PRINCETON – Public debate, especially during economic crises, focuses on growth statistics, which become a kind of fever thermometer. But the readings are unreliable and change constantly, prompting statisticians to think about different ways of measuring an economy’s very different products. In particular, newly revised data have called into question the economic scope and role of financial services.
At the end of July, the United States Bureau of Economic Analysis released revisions to American GDP data going back to 1929. The main consequence was to demonstrate that GDP is more volatile than had previously been assumed.
The economy grew faster in good phases, and slumped more sharply in downturns. The annual growth rate from 1997 to 2008 was 2.8% rather than 2.7%. In 2008, the figure fell to 0.4%, rather than 1.1%, as previously assumed. The collapse in GDP in the first quarter of 2009 was also more substantial than previously thought.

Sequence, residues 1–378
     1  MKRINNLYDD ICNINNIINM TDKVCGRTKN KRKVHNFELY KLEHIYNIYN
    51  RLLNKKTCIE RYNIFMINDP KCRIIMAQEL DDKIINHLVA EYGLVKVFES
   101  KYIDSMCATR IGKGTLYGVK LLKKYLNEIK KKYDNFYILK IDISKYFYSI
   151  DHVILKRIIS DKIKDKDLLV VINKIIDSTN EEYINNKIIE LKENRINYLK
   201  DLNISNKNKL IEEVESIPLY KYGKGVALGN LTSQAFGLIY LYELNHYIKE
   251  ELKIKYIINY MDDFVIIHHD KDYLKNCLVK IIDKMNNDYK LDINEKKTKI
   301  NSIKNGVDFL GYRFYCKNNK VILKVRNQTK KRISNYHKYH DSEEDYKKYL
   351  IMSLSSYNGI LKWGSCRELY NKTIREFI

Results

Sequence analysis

The logic underlying these changes is more interesting than the relatively small revisions of growth rates that resulted. One key intention was to allow for more honest accounting. In particular, spending on financial services was treated in a different way and shown more transparently. For example, medical expenditure is lower in the new calculation, because the costs that are attributable to insurance rather than to provision of medical services are now shown as spending on “financial services and insurance.”